Facebook puts kids at risk of grooming gangs by making messages secret, Children’s Commissioner warns

FACEBOOK is putting kids at risk of grooming gangs by making messages secret, it is claimed today.

Its plans for end-to-end encryption will stop cops trawling direct messaging services to hunt down offenders.

Tech firms claim the move, which means only a person sending or receiving a message sees it, protects against hackers.

Children’s Commissioner Anne Longfield says more than a third of kids have had online messages that make them feel uncomfortable.

In a report, she says that millions of eight-year-olds use messaging apps banned for under-13s and almost one in ten has used social media to chat to strangers.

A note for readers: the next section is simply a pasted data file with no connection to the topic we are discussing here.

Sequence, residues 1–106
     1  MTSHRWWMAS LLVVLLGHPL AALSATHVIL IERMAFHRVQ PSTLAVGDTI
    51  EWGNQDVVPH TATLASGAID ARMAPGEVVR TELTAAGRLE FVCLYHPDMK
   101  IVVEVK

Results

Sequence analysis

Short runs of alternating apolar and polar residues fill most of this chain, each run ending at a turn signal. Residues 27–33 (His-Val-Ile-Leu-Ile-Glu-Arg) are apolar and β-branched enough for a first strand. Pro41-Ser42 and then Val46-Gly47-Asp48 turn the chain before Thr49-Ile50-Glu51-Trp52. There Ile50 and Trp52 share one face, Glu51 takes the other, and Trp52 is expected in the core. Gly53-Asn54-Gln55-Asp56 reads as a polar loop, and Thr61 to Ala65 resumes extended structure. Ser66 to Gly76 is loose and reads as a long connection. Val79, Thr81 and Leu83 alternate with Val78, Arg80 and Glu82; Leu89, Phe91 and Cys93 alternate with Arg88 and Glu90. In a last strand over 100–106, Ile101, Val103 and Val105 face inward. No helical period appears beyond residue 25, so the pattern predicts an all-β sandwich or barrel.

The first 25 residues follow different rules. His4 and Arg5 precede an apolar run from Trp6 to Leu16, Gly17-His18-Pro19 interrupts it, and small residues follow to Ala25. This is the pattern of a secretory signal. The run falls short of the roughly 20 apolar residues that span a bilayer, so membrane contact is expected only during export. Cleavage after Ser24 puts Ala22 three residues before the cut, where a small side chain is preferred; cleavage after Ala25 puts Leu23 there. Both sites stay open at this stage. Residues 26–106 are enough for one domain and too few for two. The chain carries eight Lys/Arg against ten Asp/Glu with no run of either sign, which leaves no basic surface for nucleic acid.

She said threats to safety were “increasing” and urged PM Boris Johnson to honour a vow to bring in an online duty of care, with fines for firms failing to protect kids.

She added: “It’s time for the Government to stand up to the powerful internet giants, who are such a big part in our children’s lives.”

NSPCC child safety chief Andy Burrows, added: “Rolling out end-to-end encryption without mitigations for finding grooming and abuse is one of the riskiest steps a tech firm could take when it comes to children’s safety.”

WhatsApp — bought in 2014 by Facebook — has used end-to-end encryption since 2016.

Facebook boss Mark Zuckerberg plans to use the system across all of his firm’s messaging apps.

A spokesman said Facebook has “led the industry in developing new ways to prevent, detect, and respond to abuse”.

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